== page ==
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  Welcome Speech

RFID Innovations 2001
London, June 2001

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What is RFID
RFID Facts
How does RFID work
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RFID or bar code
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RFID Innovations speech
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Welcome to the RFID Innovations Conference. I am Steve Halliday, VP of Technology for AIM, Inc. based in Pittsburgh, PA, USA. Some of you will know that I am the convener of the ISO group responsible for creating Air Interface standards for Item Management (ISO/IEC JTC 1/SC 31/WG 4/SG 3), others may know that I publish a newsletter every month called RFID News and you can sign up for this free newsletter on the AIM RFID web site (www.rfid.org).

I have been involved in the AIDC industry for more than 20 years, and heavily involved in RFID for the last 5 years. Those of you who have heard me before, know that I normally talk about RFID from the technical or standards viewpoint. Today, my job is to help you understand that RFID is a technology that is available today, and to help you see reality through the hype that has spread.

It is important to understand that today’s RFID is NOT an identification method for every item in the world. This is a solution that has been talked about in recent months, but we are not able to provide a system to meet this requirement today. Maybe this will occur in 2, 5 or 10 years, we will have to wait and see.

High Tech Aid offers Expertise in AIDC technologies such as RFID and barcode as well as NFC and Internet of ThingsWhat RFID IS, is the ability to get more information in an easy to use manner. It doesn’t matter what we are talking about, identification of people, or things, tracking of objects, or some other aspect that requires the easy availability of data. The advantages of non-line-of-sight, multiple reads, and read/write are immediately apparent in most systems.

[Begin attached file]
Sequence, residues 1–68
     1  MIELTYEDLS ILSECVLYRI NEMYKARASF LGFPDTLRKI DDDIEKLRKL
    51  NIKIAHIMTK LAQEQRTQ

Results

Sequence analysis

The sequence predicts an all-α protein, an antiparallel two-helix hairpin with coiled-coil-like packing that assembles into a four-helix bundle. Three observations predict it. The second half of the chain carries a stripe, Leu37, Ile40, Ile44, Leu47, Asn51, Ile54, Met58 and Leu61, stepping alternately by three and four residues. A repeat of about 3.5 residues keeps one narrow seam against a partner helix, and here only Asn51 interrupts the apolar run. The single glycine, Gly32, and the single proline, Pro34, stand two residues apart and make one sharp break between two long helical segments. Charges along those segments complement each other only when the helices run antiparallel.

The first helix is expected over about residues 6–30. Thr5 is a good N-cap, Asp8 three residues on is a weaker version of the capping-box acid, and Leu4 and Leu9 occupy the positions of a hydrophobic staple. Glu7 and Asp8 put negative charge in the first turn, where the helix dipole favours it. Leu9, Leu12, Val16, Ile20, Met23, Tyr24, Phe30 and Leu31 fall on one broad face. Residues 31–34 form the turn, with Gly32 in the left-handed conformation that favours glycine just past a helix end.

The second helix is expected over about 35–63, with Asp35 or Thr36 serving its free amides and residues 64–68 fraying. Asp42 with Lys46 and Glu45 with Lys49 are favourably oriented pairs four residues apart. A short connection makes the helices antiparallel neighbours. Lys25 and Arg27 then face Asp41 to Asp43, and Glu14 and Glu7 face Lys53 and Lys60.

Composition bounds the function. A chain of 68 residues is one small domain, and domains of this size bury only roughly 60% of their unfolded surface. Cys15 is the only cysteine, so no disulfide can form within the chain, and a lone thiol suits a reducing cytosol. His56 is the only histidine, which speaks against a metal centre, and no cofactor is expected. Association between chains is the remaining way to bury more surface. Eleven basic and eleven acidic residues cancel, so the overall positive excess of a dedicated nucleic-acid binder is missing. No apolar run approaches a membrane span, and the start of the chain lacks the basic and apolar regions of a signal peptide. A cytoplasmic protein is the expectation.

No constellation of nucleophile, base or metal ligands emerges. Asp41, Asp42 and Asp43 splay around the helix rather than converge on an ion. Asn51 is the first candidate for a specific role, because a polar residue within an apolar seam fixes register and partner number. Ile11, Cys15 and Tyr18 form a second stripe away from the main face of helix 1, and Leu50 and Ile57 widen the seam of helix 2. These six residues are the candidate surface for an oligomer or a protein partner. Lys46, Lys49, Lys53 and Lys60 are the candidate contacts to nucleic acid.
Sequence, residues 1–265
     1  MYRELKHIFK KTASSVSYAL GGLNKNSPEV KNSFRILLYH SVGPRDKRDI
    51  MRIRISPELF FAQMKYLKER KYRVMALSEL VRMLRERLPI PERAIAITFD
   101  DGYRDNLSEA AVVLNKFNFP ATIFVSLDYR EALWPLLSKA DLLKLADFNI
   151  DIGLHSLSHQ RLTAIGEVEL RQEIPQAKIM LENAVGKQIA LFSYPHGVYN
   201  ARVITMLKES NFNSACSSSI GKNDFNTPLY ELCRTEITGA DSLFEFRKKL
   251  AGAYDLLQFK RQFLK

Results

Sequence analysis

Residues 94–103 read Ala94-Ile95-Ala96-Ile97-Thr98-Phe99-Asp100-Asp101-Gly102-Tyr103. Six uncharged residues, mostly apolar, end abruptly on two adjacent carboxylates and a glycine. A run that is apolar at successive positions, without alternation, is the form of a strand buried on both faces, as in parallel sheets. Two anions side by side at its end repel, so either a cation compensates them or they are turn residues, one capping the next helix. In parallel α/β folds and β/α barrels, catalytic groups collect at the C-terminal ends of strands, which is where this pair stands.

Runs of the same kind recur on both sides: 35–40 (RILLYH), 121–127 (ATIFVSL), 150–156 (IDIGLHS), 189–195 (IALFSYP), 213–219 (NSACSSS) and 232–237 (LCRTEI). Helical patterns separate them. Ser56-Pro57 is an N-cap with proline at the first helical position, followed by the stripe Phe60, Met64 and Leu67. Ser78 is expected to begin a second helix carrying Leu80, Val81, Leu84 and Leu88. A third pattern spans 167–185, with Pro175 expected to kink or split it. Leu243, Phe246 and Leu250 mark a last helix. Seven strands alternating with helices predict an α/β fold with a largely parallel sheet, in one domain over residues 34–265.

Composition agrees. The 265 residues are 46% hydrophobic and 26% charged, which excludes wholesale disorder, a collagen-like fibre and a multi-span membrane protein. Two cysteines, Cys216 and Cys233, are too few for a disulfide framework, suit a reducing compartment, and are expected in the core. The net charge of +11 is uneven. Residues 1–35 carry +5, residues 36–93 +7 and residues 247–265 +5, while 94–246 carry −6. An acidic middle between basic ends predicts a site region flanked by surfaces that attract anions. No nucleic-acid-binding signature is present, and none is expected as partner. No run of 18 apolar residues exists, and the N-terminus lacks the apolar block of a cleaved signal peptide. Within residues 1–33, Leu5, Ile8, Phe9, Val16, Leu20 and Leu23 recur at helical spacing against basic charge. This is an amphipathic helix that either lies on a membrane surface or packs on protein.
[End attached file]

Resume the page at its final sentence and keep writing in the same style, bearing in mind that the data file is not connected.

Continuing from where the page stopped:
For a long time now, we have been using bar codes to help collect data to help track our use of items. The EAN.UCC system has been around now for 25 plus years, and we have all become very familiar with the bar code on everything we buy at the supermarket.

RFID is NOT a replacement for bar code. Today, a bar code printed on a packet of cornflakes is basically free. The extra ink to print the bar code symbology itself is almost nothing. The cost of a tag is not free. A bar code does a great job for identifying an item. The item identification is a license plate type application, and it does not change from one packet of cornflakes to the next.

If you consider an RFID tag, you will see the great flexibility that TAG offers, and the added value that you can realize by using this in conjunction with your bar code system.

RFID IS a major adjunct to the bar code system. Think about the value of a tag on a container, pallet or case were the cost of the tag is not significant to the value of the goods, and the ability to reuse the tag reduces the overall cost impact of adding RFID to a system.

High Tech Aid offers Resources in AIDC technologies such as RFID and barcode as well as NFC and Internet of ThingsSo what do you use RFID for? What is the problem that we are trying to solve? Identification, tracking and tracing of goods and people is the definition which I believe best explains what we are trying to achieve.

This is an area that all of the AIDC technologies provide tools for, to increase efficiency and accuracy in the quest for better data. RFID provides an extra level of information in some cases and so it is the key in our quest to get "better data". The ability to read multiple items simultaneously, to read and write information, and to not need to see the tag physically, add a whole new layer to our AIDC arsenal. RFID provides all these benefits.

Some years ago, I embarked on an exercise to identify the applications that are suited to RFID. We were able to list over 50 at that time and I am sure that we did not cover everything. Since that time, the list has grown. The potential for RFID is enormous. There are so many applications that will benefit from this technology, that I can’t even grasp them all at this time.